Keywords: Neoliberal economics – Resilience

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Neoliberal economic theory emerged after World War II, led by Austrian economists Ludwig von Mises and Friedrich Hayek, and later by American Milton Friedman.

Hayek was adamantly opposed to state intervention, whether it was a Soviet-style command economy or the social-democratic welfare states of post-war Western Europe. For him, the foundation of knowledge, whether scientific, economic or otherwise, is the individual; the actions of the self-managed entrepreneurs could not and should not be questioned by the state. State intervention at the beginning of the 20th century (nationalized industries, social welfare, powerful trade unions and planning as the central task of government) had led Western nations to deviate from the founding principles of liberal philosophy: individual freedoms, right to private property and a free market governed by the “natural laws” of classical economics.

As a remedy, these economists proposed political restructuring, centered on reforms that would disentangle the state from the market, finding the natural balance in every exchange without heavy government interventions. In post-Soviet Eastern Europe, this ideology exerted an indisputable attraction on young and economically precarious dissidents, as well as on kleptocratic oligarchs anxious to impose a “Western-style” free market.

In practice, this involved many now familiar measures: privatization of national utilities, including water, gas and railways; aggressive attempts to dismantle unions and subject labor (and by extension, their wages) to the “natural forces” of supply and demand; and the removal of barriers to trade between countries and the creation of international trading blocs such as the North American Free Trade Agreement (NAFTA) to facilitate the movement of capital, goods, commodities and services.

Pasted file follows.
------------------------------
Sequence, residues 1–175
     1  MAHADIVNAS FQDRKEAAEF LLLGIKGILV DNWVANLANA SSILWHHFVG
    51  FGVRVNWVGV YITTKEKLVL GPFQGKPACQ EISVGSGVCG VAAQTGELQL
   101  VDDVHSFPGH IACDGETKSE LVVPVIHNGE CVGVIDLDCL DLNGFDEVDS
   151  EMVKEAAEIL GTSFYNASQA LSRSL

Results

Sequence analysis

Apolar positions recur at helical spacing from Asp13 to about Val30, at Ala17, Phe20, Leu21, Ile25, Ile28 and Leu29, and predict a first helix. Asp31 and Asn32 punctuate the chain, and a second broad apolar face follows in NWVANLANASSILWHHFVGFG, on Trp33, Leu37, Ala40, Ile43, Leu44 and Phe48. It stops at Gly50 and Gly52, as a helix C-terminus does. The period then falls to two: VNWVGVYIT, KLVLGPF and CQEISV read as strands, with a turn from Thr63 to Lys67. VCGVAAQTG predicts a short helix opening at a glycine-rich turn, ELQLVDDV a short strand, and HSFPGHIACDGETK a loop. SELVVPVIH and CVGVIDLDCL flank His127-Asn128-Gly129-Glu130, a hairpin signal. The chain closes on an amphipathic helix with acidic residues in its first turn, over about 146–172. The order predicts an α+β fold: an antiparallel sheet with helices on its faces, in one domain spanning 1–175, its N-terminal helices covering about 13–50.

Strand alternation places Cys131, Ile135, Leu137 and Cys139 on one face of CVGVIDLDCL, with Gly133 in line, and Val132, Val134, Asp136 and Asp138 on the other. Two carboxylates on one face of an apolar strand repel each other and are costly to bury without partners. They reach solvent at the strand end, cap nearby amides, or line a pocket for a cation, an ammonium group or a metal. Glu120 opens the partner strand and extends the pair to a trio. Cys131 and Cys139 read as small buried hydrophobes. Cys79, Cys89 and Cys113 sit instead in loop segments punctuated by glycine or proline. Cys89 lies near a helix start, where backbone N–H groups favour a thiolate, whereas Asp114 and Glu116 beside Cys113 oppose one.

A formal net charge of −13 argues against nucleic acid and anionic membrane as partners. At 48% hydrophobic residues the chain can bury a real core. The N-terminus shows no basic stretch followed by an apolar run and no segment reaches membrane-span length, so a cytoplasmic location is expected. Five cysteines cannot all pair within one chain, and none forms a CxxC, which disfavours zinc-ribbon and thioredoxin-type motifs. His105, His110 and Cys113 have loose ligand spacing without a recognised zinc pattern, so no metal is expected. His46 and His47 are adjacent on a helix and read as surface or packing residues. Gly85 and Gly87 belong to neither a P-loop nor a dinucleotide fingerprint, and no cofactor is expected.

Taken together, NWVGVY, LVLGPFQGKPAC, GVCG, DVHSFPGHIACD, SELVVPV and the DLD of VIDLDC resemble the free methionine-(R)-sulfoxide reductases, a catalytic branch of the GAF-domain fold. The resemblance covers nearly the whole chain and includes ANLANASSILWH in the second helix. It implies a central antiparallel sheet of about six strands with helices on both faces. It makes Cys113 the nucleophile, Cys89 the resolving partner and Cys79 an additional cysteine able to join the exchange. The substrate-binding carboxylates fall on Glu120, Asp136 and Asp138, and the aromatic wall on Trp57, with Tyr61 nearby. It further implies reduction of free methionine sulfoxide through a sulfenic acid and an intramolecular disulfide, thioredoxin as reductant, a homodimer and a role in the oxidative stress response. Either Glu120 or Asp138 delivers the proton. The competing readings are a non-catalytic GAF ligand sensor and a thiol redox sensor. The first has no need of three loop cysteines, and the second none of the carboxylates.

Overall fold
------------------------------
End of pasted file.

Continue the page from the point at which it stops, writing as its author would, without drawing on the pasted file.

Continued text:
The goal was to create a truly free, global and limitless market – for capital, if not for human beings. The principles of individual freedom, the right to private property and the free market have been radically reaffirmed, and it is this aspect that underlines the “neo” [new] in neoliberalism.

The translation of neoliberalism from theory to practice is associated with three figures. First, in 1973, the democratically elected leader of Chile, Salvador Allende, was overthrown in a CIA-backed coup and replaced by Augusto Pinochet, a military dictator who allowed a group of trained economists by Friedman known as the “Chicago Boys” to turn Chile into a laboratory of neoliberal politics.

Later, Ronald Reagan and Margaret Thatcher translated neoliberalism’s hostility to the state into a rallying cry against the interference of “big government” in people’s lives. Thatcher railed against the “nanny state” as it dismantled welfare and housing, weakened unions and privatized national industries. Reagan reinforced the assault with rhetorical attacks: “The nine most terrifying words in the English language are, ‘I’m from the government, and I’m here to help.

The “neoliberal turn” has profoundly affected the ability of national governments to govern well. By accepting his principle of laissez-faire (‘laisser faire’) and allowing more and more aspects of state and society to be subjected to the laws of the market, governments have gradually given up their ability to intervene meaningfully in matters policies. If the laws of the market demand lower wages; if they call for a bank bailout and a decade of austerity after a crash; if waiving patent protections on vaccines in the event of a global pandemic interferes with the profits of pharmaceutical companies, who can say otherwise?

This, in a nutshell, is neoliberal economics: the ruthless submission of political and social life to the free market.

Further reading

  • Arguments for a New Left: Responding to the free market rightHilary Wainwright, 1994
  • Undoing the Demos: The Stealth of Neoliberalism RevolutionWendy Brown, 2005
  • A brief history of neoliberalism, David Harvey, 2005
  • Globalists: the end of the empire and the birth neoliberalismQuinn Slobodian, 2018

Red bell pepperThe new regular “Keywords” feature, inspired by the work and legacy of Raymond Williams, explores the meaning of today’s political terms, as well as the history and politics behind their use.

Teaser photo credit: By Alan Santos/PR – https://www.flickr.com/photos/palaciodoplanalto/48149860167/in/album-72157709308281487/, CC BY 2.0, https://commons.wikimedia.org/w/index .php?curid=80143809

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